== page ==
Home & Garden

Who Makes the Best Home Generator

Emergency home or small office backup generators are available in three different types – gasoline-powered (or, in some instances, diesel-powered), lpg (liquid propane gas) or natural gas. Each has certain advantages.

The only sure way to be guaranteed that oneself will have an operable generator during a power outage is to utilize a gasoline-powered generator. Many people think that a natural-gas generator is a better choice; however, if there is a disruption in the gas main the utility might have to shut down the natural gas – in some instances, entire communities will have no natural gas during a storm or other disruptive event. This leaves anyone owning a natural gas generator with no ability to utilize their generator until the gas main, etc. is repaired. In like manner, a wide-spread power outage can prevent obtaining further lpg since the lumber yard, etc. that pumps the lpg may well be out of electricity and cannot supply lpg until general power is restored.

On the other hand, a gasoline-powered generator is usable at any time – it provides for a self-sufficient scenario in which, as long as there is an adequate supply of additional gasoline on hand, the generator can be used irrespective of natural gas or of lpg limitations. There is no need to store endless quantities of gas – common sense applies. There should, also, be no fears in storing some extra gas in, for example, good quality 5-gallon cans – the car is typically parked on the premises and will itself contain some 20 gallons of gas in its tank.

A quality, whole-house natural gas system has one obvious advantage. If all else is equal, the system will auto-start upon a power outage – no one needs to be present to ensure that this happens. So, if, for example, you travel extensively, this is an immediate consideration. Of course, like anything else in life, you get what you pay for – a good quality (Kohler) natural gas system typically costs $12,000 to $15,000 (some can be higher). That is a sizable investment for the average person – especially when one considers that a premium-quality (Honda makes the best!) gasoline generator sized to do a typical house can usually be installed soup-to-nuts for around $6,000. Of course, smaller generators cost less.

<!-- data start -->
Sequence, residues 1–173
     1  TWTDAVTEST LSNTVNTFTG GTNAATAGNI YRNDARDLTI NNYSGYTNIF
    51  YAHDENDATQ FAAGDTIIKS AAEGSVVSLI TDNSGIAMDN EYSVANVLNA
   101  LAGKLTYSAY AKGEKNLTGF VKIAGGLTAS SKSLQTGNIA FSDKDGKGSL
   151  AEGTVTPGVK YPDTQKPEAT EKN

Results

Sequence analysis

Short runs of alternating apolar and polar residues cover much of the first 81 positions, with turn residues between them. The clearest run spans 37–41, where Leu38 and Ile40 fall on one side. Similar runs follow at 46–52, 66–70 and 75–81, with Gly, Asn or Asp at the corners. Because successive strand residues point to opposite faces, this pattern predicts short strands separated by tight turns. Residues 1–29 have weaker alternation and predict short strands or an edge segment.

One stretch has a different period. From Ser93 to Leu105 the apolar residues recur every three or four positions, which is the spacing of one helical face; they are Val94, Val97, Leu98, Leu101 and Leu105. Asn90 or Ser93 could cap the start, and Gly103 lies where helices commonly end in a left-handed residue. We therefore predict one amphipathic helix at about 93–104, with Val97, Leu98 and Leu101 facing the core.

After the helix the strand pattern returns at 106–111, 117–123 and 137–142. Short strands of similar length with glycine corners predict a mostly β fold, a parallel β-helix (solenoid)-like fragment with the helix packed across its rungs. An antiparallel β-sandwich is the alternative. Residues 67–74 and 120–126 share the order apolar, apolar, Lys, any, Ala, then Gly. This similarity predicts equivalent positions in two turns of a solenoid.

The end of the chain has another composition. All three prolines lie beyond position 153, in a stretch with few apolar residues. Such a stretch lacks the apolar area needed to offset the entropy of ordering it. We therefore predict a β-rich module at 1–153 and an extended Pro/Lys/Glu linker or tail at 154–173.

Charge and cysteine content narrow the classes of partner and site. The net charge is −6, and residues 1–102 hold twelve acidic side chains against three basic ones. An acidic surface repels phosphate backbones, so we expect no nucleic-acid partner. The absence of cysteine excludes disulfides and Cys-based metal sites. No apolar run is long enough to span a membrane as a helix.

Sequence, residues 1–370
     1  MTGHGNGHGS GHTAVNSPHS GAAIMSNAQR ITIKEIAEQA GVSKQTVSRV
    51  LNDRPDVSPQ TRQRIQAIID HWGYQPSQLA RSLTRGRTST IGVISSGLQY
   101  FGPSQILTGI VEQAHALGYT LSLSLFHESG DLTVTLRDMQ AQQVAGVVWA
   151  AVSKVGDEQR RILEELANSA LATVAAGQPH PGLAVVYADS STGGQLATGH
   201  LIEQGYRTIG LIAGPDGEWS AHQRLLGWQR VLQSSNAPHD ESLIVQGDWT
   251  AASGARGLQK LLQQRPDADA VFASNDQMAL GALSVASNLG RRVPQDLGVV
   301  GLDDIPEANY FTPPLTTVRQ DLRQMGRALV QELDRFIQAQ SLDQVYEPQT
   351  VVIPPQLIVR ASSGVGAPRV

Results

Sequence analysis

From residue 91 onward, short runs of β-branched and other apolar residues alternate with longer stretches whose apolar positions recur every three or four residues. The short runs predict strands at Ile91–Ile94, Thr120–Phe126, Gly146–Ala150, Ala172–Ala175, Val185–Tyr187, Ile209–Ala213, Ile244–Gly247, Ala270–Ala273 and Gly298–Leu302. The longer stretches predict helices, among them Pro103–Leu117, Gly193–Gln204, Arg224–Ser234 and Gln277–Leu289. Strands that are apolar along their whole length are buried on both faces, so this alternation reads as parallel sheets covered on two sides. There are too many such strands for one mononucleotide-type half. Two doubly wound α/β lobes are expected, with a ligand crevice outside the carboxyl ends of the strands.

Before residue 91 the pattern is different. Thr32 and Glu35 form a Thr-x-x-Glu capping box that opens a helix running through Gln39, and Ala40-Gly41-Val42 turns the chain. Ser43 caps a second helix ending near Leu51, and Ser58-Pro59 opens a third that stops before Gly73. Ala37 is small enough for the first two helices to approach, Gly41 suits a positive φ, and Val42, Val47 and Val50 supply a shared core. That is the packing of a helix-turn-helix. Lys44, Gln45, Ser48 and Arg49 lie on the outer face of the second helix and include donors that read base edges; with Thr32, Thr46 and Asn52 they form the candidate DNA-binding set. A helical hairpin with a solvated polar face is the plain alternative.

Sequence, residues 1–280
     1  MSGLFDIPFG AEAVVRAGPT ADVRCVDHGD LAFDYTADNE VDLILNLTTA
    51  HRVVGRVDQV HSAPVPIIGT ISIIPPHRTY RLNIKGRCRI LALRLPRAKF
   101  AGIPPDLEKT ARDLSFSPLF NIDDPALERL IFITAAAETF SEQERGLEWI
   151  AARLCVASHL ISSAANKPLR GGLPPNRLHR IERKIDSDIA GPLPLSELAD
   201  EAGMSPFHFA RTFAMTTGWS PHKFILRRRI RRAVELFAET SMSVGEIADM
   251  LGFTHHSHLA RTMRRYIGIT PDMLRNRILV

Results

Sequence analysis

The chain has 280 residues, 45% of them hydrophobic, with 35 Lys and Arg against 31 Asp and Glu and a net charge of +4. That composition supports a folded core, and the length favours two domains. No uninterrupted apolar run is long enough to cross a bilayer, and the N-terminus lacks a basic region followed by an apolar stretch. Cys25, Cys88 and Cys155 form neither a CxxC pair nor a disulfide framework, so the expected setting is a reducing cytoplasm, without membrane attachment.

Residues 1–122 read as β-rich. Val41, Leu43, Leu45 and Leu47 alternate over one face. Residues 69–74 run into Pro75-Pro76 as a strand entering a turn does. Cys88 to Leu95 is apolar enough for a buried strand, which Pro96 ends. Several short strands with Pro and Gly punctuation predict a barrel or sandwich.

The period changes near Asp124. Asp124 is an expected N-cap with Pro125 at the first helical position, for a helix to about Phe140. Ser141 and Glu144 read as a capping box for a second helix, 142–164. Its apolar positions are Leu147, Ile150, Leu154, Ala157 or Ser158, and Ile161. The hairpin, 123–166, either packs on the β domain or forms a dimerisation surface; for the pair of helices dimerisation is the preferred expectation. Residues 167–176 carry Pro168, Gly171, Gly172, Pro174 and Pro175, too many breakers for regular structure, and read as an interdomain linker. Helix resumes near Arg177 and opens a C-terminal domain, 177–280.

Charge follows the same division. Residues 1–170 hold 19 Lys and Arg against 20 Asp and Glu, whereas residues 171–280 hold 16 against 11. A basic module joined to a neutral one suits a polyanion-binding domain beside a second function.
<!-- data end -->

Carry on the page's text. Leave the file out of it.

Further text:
In sizing a generator for home or office use, the procedure is to add up all the important electrical needs – keeping in mind that some types of products have starting surges that are typically two to three times the actual running wattages. For example, an average sump pump might run at 800 watts; but, need around 2,000 watts to start. Without knowing the starting surges on various products, one might seriously undersize an emergency generator.

Speaking broadly, most homes with a sump pump, fridge and typical heating system will benefit from a 5,000 watt generator. In recent years – due to escalating electrical usages (one fridge, one freezer, maybe two sump pumps, etc.) a 6,500 watt generator is preferred. If there are no sump pumps; then as small as a 3,000 watt generator can be selected.

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